...By Gift BADEWO for TDPel Media.
Silvio Berlusconi Diagnosed with Leukaemia
Silvio Berlusconi, the former Prime Minister of Italy, has been diagnosed with leukaemia less than 24 hours after being admitted to intensive care.
Concerns grew for the 86-year-old’s health after his spokesman confirmed that he had been forced back to Milan’s San Raffaele Hospital, just days after being discharged.
Sources close to the leader of the Right-wing Forza Italia party have now confirmed that Berlusconi, who has suffered repeated bouts of illness in recent years, has leukaemia – a blood cancer leading to the over-production of abnormal white blood cells.
Berlusconi’s Health History
Berlusconi has previously overcome prostate cancer, which he described as ‘a nightmare lasting months’.
However, it was his battle with Covid-19 in 2020 that he described as the ‘most dangerous challenge’ of his life.
The former AC Milan owner, who also had major heart surgery in 2016 to replace an aortic valve, has had a pacemaker for several years.
He was hospitalized again for a reported urinary tract infection in January 2022.
Political Career and Controversies
Berlusconi won a seat in Italy’s Senate during general elections in September 2022.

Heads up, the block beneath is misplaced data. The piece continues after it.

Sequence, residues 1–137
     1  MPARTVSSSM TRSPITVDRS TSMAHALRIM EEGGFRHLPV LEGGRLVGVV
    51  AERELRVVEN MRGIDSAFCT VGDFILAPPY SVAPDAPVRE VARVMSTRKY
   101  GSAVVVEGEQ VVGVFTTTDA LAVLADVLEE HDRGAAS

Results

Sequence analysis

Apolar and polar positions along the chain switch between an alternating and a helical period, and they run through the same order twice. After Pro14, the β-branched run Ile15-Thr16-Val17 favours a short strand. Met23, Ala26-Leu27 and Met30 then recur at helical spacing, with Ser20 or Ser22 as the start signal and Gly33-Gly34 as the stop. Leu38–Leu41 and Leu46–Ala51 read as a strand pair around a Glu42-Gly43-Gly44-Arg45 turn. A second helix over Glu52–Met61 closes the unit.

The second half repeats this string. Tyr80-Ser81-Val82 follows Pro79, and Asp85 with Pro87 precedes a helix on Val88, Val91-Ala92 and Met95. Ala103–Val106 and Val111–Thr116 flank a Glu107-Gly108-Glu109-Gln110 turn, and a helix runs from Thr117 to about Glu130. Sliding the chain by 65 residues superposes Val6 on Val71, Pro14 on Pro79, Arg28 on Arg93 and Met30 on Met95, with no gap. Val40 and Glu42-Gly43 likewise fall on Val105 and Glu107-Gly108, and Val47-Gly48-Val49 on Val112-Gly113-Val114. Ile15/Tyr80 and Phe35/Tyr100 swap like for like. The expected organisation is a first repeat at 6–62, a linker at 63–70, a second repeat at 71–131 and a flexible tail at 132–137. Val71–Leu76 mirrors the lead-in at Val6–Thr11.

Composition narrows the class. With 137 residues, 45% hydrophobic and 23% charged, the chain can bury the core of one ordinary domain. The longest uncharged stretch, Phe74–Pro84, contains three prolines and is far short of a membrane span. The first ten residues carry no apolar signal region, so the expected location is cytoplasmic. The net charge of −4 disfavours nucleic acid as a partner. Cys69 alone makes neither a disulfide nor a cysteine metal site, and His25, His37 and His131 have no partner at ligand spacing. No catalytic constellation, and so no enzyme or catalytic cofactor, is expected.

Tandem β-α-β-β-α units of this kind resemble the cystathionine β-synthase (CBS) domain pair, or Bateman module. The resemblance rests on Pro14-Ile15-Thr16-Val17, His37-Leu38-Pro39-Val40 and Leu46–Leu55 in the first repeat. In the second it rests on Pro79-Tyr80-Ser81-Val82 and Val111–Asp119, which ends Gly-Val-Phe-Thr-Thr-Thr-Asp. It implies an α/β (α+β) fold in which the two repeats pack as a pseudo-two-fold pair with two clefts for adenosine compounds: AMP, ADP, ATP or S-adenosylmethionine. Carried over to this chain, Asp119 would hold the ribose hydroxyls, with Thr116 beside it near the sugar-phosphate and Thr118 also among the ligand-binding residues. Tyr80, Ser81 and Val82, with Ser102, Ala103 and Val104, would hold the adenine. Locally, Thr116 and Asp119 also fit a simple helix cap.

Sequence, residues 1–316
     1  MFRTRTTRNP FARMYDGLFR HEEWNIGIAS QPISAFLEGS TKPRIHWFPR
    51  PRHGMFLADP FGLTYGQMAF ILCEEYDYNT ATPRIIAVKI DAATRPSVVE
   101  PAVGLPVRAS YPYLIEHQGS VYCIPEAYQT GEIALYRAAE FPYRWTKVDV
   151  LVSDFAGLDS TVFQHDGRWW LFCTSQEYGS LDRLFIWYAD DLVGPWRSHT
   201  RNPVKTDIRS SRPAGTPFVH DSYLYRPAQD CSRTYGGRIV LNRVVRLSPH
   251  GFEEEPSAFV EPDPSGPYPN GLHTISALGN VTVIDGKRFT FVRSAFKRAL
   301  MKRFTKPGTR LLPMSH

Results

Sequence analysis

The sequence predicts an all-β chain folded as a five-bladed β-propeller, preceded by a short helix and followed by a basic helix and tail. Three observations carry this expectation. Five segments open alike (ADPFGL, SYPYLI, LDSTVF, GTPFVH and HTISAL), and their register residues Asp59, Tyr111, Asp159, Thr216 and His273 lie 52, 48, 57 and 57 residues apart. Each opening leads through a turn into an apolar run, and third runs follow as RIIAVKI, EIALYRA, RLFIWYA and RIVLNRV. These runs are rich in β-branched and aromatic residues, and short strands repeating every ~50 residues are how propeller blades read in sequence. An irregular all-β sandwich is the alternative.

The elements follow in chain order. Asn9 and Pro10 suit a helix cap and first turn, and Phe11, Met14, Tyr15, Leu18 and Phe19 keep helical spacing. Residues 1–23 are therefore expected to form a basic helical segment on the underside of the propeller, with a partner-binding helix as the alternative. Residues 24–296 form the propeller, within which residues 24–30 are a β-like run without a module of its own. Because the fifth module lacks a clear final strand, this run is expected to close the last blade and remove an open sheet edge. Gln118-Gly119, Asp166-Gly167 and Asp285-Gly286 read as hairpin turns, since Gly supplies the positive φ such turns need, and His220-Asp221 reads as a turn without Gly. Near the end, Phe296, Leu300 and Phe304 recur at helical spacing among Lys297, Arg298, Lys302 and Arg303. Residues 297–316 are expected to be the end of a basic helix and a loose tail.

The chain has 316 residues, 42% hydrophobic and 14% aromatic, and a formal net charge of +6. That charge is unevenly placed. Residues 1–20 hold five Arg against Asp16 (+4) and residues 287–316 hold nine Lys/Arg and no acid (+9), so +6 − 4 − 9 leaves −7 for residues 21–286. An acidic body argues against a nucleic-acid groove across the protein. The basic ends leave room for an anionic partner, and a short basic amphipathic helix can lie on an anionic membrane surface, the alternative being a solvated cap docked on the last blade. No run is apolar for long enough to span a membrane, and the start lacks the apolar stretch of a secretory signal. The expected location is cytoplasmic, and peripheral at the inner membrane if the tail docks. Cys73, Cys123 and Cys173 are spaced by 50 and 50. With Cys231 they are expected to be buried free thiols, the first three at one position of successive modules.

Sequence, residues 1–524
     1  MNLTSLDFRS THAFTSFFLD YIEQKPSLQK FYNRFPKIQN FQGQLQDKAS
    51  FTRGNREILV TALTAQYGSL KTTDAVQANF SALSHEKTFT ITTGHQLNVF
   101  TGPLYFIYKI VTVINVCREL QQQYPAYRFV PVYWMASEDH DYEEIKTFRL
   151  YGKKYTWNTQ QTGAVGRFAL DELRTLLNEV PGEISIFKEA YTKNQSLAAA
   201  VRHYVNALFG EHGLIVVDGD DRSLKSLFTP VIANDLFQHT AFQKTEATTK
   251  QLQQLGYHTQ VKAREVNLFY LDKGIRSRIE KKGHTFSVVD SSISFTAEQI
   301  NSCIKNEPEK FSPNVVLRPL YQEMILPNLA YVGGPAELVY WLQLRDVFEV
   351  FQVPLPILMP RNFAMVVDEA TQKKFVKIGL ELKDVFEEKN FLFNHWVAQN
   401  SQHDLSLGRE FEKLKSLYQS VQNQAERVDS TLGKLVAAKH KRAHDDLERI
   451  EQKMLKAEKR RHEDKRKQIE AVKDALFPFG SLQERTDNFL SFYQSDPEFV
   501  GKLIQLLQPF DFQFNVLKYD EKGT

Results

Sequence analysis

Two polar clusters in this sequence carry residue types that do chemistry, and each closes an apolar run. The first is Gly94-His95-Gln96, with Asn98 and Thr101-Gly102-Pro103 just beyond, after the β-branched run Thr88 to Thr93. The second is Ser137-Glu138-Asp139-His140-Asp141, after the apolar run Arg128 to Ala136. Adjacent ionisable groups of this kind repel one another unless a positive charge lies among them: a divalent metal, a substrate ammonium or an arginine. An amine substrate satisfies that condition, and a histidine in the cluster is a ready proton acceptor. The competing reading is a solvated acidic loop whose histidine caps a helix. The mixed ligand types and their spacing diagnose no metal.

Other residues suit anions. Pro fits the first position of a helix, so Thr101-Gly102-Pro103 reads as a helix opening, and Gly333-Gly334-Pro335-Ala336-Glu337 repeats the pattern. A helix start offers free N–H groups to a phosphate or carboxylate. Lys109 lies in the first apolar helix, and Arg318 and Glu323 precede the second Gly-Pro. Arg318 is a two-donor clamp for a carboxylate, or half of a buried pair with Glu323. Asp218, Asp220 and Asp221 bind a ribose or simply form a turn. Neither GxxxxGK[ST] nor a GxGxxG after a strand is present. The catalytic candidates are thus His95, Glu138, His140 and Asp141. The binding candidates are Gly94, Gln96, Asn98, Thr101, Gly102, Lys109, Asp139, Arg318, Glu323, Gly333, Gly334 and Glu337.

His Forza Italia party is part of the ruling government coalition. Berlusconi was accused – but acquitted this year – of paying young starlets and others for ‘silence and lies’ about his notoriously hedonistic soirees, which he has always insisted were elegant dinners.
The verdict was the culmination of a legal battle which began in 2010 when Berlusconi – then prime minister – was accused of abusing his power to protect a young Moroccan nightclub dancer, Karima El-Mahroug.
Berlusconi was temporarily banned from political office after a conviction for tax fraud in 2013, for which he served a community sentence.
He then returned to the political front lines and was re-elected as a senator last year.
Leukaemia: Symptoms, Causes, and Treatment
Leukaemia is a cancer that starts in blood-forming tissue, usually the bone marrow.
It leads to the over-production of abnormal white blood cells, which fight off infections.
However, a higher number of white blood cells means there is ‘less room’ for other cells, including red blood cells – which transport oxygen around the body – and platelets – which cause blood to clot when the skin is cut.
There are many different types of leukaemia, which are defined according to the immune cells they affect and how the disease progresses.
Most cases have no obvious cause, with the cancer not being contagious or inherited. Leukaemia generally becomes more common with age.
Symptoms are generally vague and get worse over time. Acute leukaemia – which progresses rapidly and aggressively – is often curable via chemo, radiotherapy, or a stem cell transplant.
Chronic forms of the disease – which typically progress slowly – tend to incurable, however, these patients can often live with the disease.